Debate has raged as to whether rising commodity prices owe more to the actions of speculators and less to an imbalance in supply and demand. Speculators have not come out well in this debate – not surprising in light of the food riots in developing nations and fuel protests in developed ones, writes Fidelity Investments’ MICHAEL GORDON.

But amid the often heated exchanges about responsibility for booming commodity prices, few stop to define what they mean by speculation. Perhaps it suits some of the participants not to have a clear definition. Yet if this debate is to have merit, we must agree on its terms.

Speculation can be defined by what it is not, namely, investment. What is the difference between speculation and investment? Speculation is no longer defined by the people who participate in it. Index buyers from investment banks, hedge funds, pension funds, even private investors are all involved in speculation.

The participation of private investors and pension funds in commodity speculation does not mean there is no case for putting their money into this sector. It could be argued that the purpose is to hedge inflation. In spite of the problem of the new buying helping to stoke inflation further by pushing the prices higher, it remains an obvious hedge. In that sense it may not necessarily be seen as speculation. But can it be seen as investment?

Speculation is increasingly the pursuit of those who do not have what could be termed a “natural” interest in commodity prices. Examples might include an investment bank holding corn or oil futures, or a pension fund buying a raw commodity index product.

Traditionally, when investment is “unnatural” it ends up being criticised. More often than not, this is after it goes sour. The UK Coal Board’s venture into fine art many years ago comes to mind. Let us not fall for the “I’m just passing it on” argument. For the investment banks that need underlying exposure so that they can package commodities into structured products to sell on to their customers, it can perhaps be seen as investment, just as investment in subprime mortgages was needed to create CDOs and asset backed securities.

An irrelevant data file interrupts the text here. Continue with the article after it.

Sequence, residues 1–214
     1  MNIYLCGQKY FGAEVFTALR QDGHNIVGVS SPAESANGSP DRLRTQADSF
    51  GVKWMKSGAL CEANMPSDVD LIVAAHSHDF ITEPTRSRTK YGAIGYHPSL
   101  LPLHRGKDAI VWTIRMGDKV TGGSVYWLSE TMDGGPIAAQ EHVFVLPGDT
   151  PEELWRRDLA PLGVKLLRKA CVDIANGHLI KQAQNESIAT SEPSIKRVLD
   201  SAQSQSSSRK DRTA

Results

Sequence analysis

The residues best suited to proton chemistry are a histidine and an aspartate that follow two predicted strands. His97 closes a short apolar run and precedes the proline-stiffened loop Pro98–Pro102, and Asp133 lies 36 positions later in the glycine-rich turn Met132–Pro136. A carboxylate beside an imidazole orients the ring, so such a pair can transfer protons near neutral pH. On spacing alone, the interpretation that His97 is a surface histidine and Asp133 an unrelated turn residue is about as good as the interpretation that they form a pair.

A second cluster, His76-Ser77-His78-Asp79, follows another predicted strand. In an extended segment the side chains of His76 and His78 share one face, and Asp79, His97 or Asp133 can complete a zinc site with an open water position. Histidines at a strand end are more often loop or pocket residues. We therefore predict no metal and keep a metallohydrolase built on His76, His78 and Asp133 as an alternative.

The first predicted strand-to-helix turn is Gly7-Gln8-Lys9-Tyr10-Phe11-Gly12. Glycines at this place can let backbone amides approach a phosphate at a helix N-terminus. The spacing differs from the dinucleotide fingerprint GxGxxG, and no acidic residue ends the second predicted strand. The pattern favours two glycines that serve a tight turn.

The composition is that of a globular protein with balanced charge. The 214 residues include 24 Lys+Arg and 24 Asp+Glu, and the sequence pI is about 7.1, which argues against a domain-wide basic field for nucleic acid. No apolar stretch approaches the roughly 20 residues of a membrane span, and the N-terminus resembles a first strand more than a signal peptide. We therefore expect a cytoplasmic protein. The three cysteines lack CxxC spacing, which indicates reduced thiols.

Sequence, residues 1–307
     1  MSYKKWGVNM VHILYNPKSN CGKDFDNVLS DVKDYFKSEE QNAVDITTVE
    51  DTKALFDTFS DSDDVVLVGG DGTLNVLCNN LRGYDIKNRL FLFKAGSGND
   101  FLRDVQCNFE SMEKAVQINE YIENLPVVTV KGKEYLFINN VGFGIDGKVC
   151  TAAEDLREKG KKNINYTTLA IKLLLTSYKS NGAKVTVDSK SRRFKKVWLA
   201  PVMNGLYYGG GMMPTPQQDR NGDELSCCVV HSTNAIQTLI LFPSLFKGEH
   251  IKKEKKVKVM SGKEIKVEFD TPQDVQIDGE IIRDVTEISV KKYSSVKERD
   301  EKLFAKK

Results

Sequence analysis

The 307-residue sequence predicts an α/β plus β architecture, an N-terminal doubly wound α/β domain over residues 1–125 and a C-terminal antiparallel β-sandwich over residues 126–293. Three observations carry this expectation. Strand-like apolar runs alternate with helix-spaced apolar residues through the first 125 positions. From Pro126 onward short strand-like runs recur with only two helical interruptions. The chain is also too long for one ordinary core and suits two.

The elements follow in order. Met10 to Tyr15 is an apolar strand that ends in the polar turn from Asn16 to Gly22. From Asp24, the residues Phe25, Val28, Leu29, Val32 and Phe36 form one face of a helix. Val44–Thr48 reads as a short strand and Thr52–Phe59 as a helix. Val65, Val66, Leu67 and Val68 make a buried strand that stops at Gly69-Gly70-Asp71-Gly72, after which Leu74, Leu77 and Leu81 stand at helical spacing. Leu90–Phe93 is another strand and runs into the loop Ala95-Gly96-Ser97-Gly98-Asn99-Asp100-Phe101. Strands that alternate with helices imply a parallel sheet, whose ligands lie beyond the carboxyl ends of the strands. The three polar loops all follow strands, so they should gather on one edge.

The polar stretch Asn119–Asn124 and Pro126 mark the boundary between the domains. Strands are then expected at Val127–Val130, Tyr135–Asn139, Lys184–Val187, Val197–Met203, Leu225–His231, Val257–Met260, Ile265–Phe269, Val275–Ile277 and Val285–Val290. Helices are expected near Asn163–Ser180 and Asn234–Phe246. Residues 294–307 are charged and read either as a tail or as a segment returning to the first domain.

Here is the difference. Investors deserve a risk premium for investing. Historically it has been demanded. Generally, too, a risk premium has accrued and been earned in the absence of a move in the price of the asset. In the case of equities, it is often measured in the form of the dividend and the growth of those dividends. In real estate, it is rental income and growth. In bonds, it is the coupon.

On the other hand, buying an asset where all you can achieve is the upward movement in prices seems more like speculation. Genuine investors are interested in asset classes that have a risk premium and offer a return, even if the price of the asset does not move upwards.

What is the economic benefit of an allocation of capital to a raw commodity? There is little doubt that providing investment capital for a going concern, and receiving ownership rights through equity or entitlement to an income payment through debt, help job creation, wealth generation and economic growth. The investor is providing the function true investment should: the provision of capital. Buying a commodity does not do the same.

So if the purchase of a non-income-producing commodity, or basket of commodities, does not provide a risk premium, should pension funds and institutional investors be involved? It is an old maxim that when metal prices soar, the companies making the shovels are the ones to make money. Share prices rise in anticipation of higher earnings, and that is where the risk premium comes into play.

The cotton futures contract a speculator has just purchased helps to increase the price and thus the revenue of the farmer. But the speculator is buying a product of the enterprise, not the enterprise itself. Compare this with an investment in the farm itself. Does it do the same good?

This is the root difference between speculation and investment. In many ways, it is the difference between buying shares in Woolworths and shopping there for groceries.

Michael Gordon is global head of institutional business at Fidelity Investments.

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